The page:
GTech, the Group of Technology Companies, a strategic grouping of IT firms in Kerala, starts a focus group for Corporate Social Responsibility activities
CSR or Corporate Social Responsibility is almost a byword at Technopark, with most IT firms, if not all of them, actively involved in lending a helping hand to those in need. And over the years we have heard of a multitude of CSR activities initiated by the companies, especially by the larger ones who seem to have more resources and/or man power. These activities range from blood donation drives (a regular event on campus), to organising meals and supplying necessary material comforts to the needy or simply chipping in with cash. Most of these efforts are, however, independent efforts by individual companies.
Now, GTech, the Group of Technology Companies, a strategic grouping of over 175 IT and IT enabled services companies in Kerala, has come up with a plan to start a focus group solely for CSR; a decision arrived at during its last annual general body meeting held at Technopark recently. “Since it was started in 2000, GTech has been quite successful in gaining respectability as a group and has won a place in the good books of the government for its pro-active, collective effort in initiating, steering and implementing many a project that has been beneficial to the IT community, be it business development or employee development. Now we feel it’s the time to look beyond Technopark and work towards some tangible results that bridge the gap between the people within the wall and people outside the wall. Hence, the CSR forum,” says Anoop Ambika, chief executive officer (CEO) of Kreara Solutions and secretary of GTech.
“Besides, there is this misconception that all of us who populate Technopark are rich stuff ups in suits who don’t have a care for society! For several months now, we’ve been looking at the possibility of a core group that would focus on CSR; one that could bridge the digital divide,” adds Anoop.
Notably, GTech’s earlier attempt at bridging the digital divide –the establishment of Natana, a cultural club started with the objective to “nurture the artistic talents and creative aspirations” of techies in Technopark, has “met with much success”. GTech is, of course, already involved in a number of CSR activities – buying clothes, books, sewing machines, and the like; their latest was an Ona sadya, organised in association with Abhaya, an NGO – but it had hitherto never engaged in any continuous effort at CSR.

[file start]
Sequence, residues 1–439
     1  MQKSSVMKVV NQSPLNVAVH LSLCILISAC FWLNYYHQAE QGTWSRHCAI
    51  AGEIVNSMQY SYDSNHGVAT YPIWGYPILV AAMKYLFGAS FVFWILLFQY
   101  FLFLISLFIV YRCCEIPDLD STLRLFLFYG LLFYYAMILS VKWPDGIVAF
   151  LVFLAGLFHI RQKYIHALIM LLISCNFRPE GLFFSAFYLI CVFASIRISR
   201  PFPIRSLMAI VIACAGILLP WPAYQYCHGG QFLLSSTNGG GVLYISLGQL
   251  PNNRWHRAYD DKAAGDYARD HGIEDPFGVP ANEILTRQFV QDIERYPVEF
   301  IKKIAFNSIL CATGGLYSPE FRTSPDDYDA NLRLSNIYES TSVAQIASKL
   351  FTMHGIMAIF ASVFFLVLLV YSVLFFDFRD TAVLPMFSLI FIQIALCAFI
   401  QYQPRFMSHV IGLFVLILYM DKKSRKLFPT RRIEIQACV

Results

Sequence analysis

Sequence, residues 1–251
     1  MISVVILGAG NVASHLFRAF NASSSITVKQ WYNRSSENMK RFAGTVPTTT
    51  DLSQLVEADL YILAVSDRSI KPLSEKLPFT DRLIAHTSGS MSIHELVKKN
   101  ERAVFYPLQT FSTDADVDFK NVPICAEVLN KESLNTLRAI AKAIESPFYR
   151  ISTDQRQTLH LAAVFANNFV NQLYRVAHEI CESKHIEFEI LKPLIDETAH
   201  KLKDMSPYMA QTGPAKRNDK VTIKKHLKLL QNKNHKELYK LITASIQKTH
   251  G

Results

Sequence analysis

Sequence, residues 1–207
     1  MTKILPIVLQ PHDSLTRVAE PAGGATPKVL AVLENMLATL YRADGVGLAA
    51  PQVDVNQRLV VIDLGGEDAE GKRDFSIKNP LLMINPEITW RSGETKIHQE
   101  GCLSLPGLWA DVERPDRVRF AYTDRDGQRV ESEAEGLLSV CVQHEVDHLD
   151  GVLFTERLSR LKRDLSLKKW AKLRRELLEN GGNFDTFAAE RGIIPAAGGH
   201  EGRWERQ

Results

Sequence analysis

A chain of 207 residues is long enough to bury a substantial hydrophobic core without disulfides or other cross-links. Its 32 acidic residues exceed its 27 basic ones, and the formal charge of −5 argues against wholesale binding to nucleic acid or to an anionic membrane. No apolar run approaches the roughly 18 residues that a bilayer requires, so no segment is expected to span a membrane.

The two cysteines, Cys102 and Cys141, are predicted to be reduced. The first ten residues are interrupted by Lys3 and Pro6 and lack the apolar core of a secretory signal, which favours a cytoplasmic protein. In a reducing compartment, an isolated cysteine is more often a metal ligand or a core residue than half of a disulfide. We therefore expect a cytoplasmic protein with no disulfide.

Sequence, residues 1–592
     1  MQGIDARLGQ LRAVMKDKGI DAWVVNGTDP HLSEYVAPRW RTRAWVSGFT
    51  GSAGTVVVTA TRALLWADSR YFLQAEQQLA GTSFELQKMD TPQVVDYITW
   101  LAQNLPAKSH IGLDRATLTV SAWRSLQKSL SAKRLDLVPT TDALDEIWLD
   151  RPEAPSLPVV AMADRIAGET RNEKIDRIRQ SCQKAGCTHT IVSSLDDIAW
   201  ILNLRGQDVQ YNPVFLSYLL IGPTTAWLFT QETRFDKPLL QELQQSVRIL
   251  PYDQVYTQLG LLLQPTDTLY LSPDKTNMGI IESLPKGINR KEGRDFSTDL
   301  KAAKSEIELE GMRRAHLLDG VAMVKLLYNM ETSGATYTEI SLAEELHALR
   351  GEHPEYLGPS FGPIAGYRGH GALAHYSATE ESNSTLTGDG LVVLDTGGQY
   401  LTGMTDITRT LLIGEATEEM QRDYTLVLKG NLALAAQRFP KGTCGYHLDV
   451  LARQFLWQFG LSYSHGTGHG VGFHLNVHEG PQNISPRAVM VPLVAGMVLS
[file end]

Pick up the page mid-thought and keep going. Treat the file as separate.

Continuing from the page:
GTech’s new CSR focus group is being spearheaded by P. Vijayakumar, CEO of Testhouse India Pvt. Ltd, who in the words of GTech’s former CEO Binu Sankar “is passionate about CSR; someone willing to spend time and resources for various CSR projects”. Says Vijayakumar: “GTech is a community of over 40,000 techies and just by sheer number alone it has the potential to do CSR activities on a scale that has never been done before in Kerala. The objective of such a focus group is to synergise all our available resources and skills to make a lasting impact and also to do something that involves a huge amount of employee engagement – something that each techie in each member company can contribute towards.”
The focus group is still in the early stages of planning but as a preliminary step it is already in talks with the Vazhuthacaud-based Coin A Day Child Care Foundation as one of its primary beneficiaries. Founded in 2009, the NGO focusses on ‘supporting talented young girls from single parent or orphaned families who have the desire and drive to achieve a better future’. “These girls, currently there are 22, are among the most vulnerable in society. But all of them have ambitious plans for the future,” says Vijaykumar.
And unlike most stop gap CSR activities, Vijaykumar says that GTech has plans for a “long term strategy” to lend a helping hand to Coin A Day. “We’re planning a direct mentoring relationship with the children – tutoring them in English, math, science, computers…,” says Vijayakumar, as Anoop adds: “Using our skills at project management and entrepreneurship, we plan to take Coin A Day and at a later stage, other similar self-help groups, to the next level. Ultimately, we want to make these organisations self-sufficient.”